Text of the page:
Street Law - Law students teach legal related topics to eighth graders in the public school system, one day per week for fall and spring semesters. In the spring, law students work with the eighth graders to do a mock trial. The primary goals of Street Law are to increase law students' ability to communicate to lay persons about the law and to teach middle-schoolers about their rights and responsibilities under the law.

Volunteer Income Tax Assistance Program - VITA provides the community with assistance in completing and filing tax returns.

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Faculty and Administrative Pro Bono

There is no formal faculty pro bono policy. Various faculty members are involved as group project supervisors or individual project supervisors.

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Each April the Director of the Pro Bono Program and the President of the Carolina Public Interest Law Organization collaborate, with the support of Student Affairs and Career Services, to host a Public Service Recognition Ceremony to honor students who have done pro bono work, the recipients of grants to work in the public interest over the summer, and faculty committed to pro bono and public interest. The ceremony is attended by students, faculty, staff, and employers.

Each year, the North Carolina Bar Association recognizes one graduating law school student for his or her pro bono work at a reception held at the North Carolina Bar Center. The Bar Association also recognizes one student pro bono project each year based on student involvement, audience reached and legal need met.

Students who complete one hundred or more hours of pro bono service are individually recognized at graduation.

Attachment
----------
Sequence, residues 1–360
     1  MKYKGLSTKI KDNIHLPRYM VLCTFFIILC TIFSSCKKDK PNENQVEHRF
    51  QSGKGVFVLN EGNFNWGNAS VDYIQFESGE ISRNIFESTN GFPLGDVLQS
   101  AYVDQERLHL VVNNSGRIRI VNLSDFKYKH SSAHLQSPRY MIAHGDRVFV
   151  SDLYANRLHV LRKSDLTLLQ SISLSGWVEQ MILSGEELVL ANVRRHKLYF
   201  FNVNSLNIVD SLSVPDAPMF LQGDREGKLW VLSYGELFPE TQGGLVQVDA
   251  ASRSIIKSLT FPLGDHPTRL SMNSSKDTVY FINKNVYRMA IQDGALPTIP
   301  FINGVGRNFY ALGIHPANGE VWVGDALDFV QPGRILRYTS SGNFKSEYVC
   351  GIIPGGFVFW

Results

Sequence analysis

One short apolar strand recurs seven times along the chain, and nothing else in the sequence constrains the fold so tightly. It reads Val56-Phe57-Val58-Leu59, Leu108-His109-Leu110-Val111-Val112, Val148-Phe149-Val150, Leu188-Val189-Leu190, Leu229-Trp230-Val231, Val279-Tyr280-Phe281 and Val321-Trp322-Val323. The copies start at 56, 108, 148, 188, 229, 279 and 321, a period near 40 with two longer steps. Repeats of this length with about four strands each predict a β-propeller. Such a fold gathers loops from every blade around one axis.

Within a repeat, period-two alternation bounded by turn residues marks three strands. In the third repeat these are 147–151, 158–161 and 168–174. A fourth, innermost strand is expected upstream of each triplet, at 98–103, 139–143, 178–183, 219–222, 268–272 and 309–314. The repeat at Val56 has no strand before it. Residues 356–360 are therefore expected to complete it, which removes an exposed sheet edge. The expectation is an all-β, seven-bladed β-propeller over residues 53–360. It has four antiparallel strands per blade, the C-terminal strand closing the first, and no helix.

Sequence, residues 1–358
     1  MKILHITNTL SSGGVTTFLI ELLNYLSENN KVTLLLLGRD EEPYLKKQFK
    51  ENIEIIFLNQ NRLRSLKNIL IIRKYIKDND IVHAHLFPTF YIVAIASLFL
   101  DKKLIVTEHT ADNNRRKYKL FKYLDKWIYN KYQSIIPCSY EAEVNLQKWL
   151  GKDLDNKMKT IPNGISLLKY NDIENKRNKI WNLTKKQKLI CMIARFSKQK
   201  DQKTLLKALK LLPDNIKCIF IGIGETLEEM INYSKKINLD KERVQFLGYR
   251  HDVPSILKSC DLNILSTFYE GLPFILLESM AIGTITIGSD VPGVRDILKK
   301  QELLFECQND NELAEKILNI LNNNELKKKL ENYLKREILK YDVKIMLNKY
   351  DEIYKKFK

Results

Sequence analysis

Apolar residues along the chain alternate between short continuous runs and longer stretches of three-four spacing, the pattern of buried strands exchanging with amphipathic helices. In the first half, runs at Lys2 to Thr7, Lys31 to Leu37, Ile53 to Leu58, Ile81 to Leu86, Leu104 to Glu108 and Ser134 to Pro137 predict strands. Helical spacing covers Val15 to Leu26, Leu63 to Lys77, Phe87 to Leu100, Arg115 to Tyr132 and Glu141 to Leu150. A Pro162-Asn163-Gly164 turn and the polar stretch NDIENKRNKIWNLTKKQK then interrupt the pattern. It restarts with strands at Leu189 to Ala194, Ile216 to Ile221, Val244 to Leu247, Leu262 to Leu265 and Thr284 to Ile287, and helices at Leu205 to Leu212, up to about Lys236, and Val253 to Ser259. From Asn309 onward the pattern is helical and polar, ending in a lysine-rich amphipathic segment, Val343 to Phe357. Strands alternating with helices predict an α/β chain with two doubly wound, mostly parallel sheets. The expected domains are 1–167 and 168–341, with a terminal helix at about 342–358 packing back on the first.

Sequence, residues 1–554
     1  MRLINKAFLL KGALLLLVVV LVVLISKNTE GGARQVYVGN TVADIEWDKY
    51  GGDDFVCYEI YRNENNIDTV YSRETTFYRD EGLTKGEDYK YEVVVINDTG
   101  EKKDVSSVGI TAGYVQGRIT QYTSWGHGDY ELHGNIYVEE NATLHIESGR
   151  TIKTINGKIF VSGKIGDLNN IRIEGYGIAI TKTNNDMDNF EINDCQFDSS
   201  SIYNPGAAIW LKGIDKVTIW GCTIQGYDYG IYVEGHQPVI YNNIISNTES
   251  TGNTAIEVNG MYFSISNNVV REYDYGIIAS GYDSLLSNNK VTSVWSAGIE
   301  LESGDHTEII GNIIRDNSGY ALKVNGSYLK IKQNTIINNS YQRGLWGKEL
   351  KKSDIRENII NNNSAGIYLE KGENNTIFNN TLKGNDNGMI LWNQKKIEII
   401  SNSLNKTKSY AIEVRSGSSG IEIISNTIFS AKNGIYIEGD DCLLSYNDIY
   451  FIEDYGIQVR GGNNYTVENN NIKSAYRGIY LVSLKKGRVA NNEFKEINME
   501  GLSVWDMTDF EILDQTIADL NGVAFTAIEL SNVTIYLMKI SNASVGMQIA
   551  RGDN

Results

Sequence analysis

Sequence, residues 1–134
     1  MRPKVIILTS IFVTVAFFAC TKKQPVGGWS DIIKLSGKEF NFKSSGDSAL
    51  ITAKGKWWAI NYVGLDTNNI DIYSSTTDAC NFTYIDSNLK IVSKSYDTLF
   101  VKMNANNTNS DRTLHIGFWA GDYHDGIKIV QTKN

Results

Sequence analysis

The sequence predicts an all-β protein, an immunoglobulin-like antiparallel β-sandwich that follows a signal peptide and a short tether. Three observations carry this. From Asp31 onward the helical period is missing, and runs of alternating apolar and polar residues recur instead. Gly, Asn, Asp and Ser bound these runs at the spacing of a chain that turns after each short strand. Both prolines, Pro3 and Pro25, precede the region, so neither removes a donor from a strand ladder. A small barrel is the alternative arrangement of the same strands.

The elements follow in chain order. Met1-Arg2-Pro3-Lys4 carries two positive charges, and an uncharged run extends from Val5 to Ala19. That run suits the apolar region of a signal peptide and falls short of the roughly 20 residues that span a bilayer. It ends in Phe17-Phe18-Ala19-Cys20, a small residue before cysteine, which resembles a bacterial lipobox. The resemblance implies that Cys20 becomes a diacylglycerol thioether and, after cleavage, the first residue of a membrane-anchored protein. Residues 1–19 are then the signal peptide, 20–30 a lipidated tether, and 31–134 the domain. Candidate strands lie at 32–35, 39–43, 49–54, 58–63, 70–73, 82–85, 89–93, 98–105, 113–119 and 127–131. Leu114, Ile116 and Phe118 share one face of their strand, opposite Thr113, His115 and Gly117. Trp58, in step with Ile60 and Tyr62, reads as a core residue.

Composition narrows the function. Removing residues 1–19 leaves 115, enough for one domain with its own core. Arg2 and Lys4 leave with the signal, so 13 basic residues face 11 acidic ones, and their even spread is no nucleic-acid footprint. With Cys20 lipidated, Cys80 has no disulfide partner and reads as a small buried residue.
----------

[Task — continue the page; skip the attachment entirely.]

Each year, one faculty member is recognized at our annual Public Interest & Pro Bono Recognition ceremony for their pro bono work and commitment to the public interest community at Carolina Law.

Professor Boger was recognized for his work with the UNC Center for Civil Rights.

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Community Service

One evening per month a group of students work in a local homeless shelter cooking and serving dinner.

Food Drive

Cell Phone Drives for domestic violence survivors

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Law School Public Interest Programs

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Contact Information

Ellen Hill
Associate Director of Career Services
Career Services Office

Lindsay Guice
Student Public Interest Coordinator
Career Services Office

Maria Mangano
Director of Career Services
Career Services Office

Sarah Wald
Interim Assistant Dean for Career Services
Career Services Office

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Certificate/Curriculum Programs

The University of North Carolina at Chapel Hill offers a Non-Profit Management Certificate Program. This Certificate requires student to take five classes with a focus on non-profit management, including two law school classes (Law of Nonprofit Organizations and one nonprofit-related elective). See http://ssw.unc.edu/sswce/nonprof.htm for more information.

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Public Interest Centers

Center for Civil Rights - The Center for Civil Rights also offers pro bono projects throughout the year for students to work on.

Center for Civil Rights - The UNC Center for Civil Rights hires students for summer internships. The Center's work focuses on education, economic justice, employment, health care, housing and community development and voting rights. See http://www.law.unc.edu/Centers/details.aspx?ID=128&Q=2 for more information.

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Public Interest Clinics

Community Development Law Clinic - A two-semester clinic in which third-year students provide corporate and transactional counsel to North Carolina nonprofit community development organizations. The aim of the CDL Clinic is to help students develop skills in corporate and transactional law and, at the same time, serve the legal needs of under-resourced communities in North Carolina.

CDL students work on a wide variety of business law projects including:

  • forming corporations and limited liability companies

  • spinning off subsidiaries for existing nonprofit corporations

  • advising organizations regarding local, state and federal taxation

  • negotiating and drafting contracts on behalf of nonprofit organizations

  • helping structure joint ventures between nonprofit and for-profit entities